In a further example, if the load 130 initially requires 100 W for operation, the controller 140 will activate the string of cells 110, 111. If the demand subsequently rises to 200 W, the controller 140 will activate the string of cells 112, 113 to power the load 130. By appropriate control, the depth of discharge and the energy utilized from each cell can be maximized.
When one or more of the cells 110-113, or cell strings 110, 111 and 112, 113, are discharged, they may be replaced (individually or in strings) by the user (e.g., manually) or with an automated system. The one or more cells are preferably replaced without interruption of the power output of the system (that is, if the load 130 is in continuing demand for power from the system 100).
Referring particularly to
The controller 140 may be a computer that is operably coupled to switches to selectively activate one or more of the strings of cells 110, 111 or 112, 113. The controller 140 may monitor the needs of the load 130 to selectively activate one or more of the strings of cells 110, 111 or 112, 113. Alternatively, the system 100 including a computer-based controller 140 may be manually operated. The controller 140 can monitor the load requirement, such that a determination is made as to how many of the strings of cells 110, 111 or 112, 113 to activate, and in what configuration (i.e., parallel, series, or a combination thereof), if applicable. Switching between the cells may be based on a timer, such that once activation commences, the controller 140 will switch to another cell after a certain period of time. The time may be a constant for the particular cell or type of cell, or may vary based on monitoring of the load 130. Alternatively, the switching may be based on the status of the selectively activated string(s), which can be monitored by the controller 140. The status may be monitored by various sub-systems, including but not limited to: monitoring the real-time power output of the selectively activated cell(s), wherein the cell(s) will be switched when the remaining calculated energy or the voltage drops below a preselected level; or monitoring the chemical characteristics the cell(s) (e.g., by monitoring the expansion of the cell, which (in metal air cells) may be related to the chemical properties since the metal is converted to a higher volume metal oxide material; or by monitoring the composition of the electrolyte).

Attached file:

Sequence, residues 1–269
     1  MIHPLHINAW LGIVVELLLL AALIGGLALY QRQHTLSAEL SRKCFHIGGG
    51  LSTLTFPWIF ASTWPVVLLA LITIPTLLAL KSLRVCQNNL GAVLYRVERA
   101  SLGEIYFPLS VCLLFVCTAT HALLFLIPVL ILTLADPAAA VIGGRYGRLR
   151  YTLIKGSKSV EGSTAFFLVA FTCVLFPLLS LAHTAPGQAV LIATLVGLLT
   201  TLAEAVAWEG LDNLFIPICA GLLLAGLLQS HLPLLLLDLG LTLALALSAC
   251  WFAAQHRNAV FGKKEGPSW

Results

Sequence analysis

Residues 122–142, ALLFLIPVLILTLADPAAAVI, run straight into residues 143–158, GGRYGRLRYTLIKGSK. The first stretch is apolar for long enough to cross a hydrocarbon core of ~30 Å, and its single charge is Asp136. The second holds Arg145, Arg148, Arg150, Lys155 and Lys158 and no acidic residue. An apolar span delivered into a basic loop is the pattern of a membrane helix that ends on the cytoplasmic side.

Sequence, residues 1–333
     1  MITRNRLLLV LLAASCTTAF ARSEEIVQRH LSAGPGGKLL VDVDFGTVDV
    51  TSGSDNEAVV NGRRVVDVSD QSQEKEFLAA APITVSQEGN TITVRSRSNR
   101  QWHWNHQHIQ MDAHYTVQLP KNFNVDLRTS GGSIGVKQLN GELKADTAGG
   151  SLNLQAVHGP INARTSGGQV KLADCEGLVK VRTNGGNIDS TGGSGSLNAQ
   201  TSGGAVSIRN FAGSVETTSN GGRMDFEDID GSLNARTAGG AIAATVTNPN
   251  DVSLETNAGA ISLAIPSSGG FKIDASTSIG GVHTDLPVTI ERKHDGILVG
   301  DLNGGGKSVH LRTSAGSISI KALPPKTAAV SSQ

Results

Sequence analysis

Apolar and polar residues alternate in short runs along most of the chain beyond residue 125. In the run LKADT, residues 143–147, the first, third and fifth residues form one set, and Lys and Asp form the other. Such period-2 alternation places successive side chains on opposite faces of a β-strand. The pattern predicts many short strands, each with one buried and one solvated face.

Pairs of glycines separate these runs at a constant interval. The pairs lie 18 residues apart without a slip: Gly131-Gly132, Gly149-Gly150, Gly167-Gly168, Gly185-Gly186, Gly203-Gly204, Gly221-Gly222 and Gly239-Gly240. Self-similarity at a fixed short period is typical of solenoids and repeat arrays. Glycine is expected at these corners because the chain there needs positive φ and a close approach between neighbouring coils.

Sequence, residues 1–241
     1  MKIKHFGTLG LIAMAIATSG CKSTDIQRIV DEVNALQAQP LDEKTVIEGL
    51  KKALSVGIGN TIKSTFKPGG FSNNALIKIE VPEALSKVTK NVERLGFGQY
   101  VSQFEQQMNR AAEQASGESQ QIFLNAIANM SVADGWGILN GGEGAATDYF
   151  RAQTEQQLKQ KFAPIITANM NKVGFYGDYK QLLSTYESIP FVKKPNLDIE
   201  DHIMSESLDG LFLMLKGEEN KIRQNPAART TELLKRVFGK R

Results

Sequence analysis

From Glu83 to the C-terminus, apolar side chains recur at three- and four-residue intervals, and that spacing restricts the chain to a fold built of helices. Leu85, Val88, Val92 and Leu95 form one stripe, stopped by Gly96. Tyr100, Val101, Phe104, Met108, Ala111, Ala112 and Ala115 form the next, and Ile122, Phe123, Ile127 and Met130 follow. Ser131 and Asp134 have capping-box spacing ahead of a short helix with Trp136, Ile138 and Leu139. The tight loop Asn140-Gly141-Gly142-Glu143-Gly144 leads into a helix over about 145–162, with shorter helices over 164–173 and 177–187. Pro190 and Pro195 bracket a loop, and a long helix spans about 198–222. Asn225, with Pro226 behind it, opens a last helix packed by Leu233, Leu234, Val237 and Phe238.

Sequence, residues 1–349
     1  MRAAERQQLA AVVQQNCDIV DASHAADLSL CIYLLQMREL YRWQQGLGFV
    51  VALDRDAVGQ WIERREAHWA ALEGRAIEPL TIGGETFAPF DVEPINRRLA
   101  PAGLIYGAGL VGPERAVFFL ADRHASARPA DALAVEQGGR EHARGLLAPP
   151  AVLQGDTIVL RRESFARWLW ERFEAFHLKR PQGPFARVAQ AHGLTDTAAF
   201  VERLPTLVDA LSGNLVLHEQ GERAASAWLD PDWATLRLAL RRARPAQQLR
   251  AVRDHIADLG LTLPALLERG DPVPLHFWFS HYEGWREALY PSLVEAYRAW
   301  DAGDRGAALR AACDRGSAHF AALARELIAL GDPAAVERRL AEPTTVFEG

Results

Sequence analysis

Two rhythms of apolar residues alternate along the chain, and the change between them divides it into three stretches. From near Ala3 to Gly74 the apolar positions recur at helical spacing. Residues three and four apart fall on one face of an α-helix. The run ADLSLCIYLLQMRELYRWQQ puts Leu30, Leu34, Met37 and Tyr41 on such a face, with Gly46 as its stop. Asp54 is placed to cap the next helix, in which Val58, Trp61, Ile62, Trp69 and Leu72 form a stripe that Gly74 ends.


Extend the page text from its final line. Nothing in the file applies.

The controller 140 may also provide other features, including, but not limited to: monitoring the status of the cells including non-active cells (individually or in groups), monitoring the temperature of the system 100; providing cooling when needed (wherein a cooling sub-system is also provided in the system 100); automatically ejecting structures containing one or more of the cells when discharged to facilitate replacement thereof (wherein an ejection sub-system is also provided in the system 100); providing safety features, such as indicators, self-deactivation, and self-extinguishing (e.g., in the event of fire, wherein an extinguishing sub-system is also provided in the system 100); or any combination comprising at least one of the foregoing. The power output of the system 100 may also be conditioned or converted, for example, from DC to AC, or from DC to DC (at different voltages), as is known in the power supply art. The system and/or loads may also be protected with one or more circuit breakers or fuses.
Power for the controller 140 and any included sub-systems may be derived from one of the cells in the system 100. Where a rechargeable cell is provided, it is preferred to power the controller with said rechargeable cell. Alternatively, a suitable capacity rechargeable cell can be provided that is dedicated to the controller.
In another embodiment, a system may be provided wherein each cell is activated by incorporation of electrolyte in the cell. When electrolyte is added from a separate source, such as a bladder, syringe, tank, etc., the cell is activated. Thus, virtually infinite shelf life may be attained for the inactivated cells. For example, a system maintaining electrolyte out of contact with active cell components is described in U.S. Provisional Application Ser. No. 60/309,730 entitled “Reserve Battery” filed on Aug. 2, 2001 by Nicholas Pasquale.
Referring now to
In the system 200, string 218 is a string of relatively high power producing cells with relatively low energy capacity (as compared to strings 210, 212, 214 and 216), and strings 210, 212, 214 and 216 are strings of relatively high energy capacity cells with relatively low power output (as compared to string 218). For example, string 218 may comprise a string of secondary batteries (e.g., rechargeable lead-acid or nickel cadmium), and the strings 210, 212, 214 and 216 may comprise primary batteries (e.g., alkaline cells or metal air cells). This system, a hybrid system, is particularly useful for meeting demands of load 230 when the power requirement increases, as in a spike, induction, inrush, start-up, or other transient load characteristic.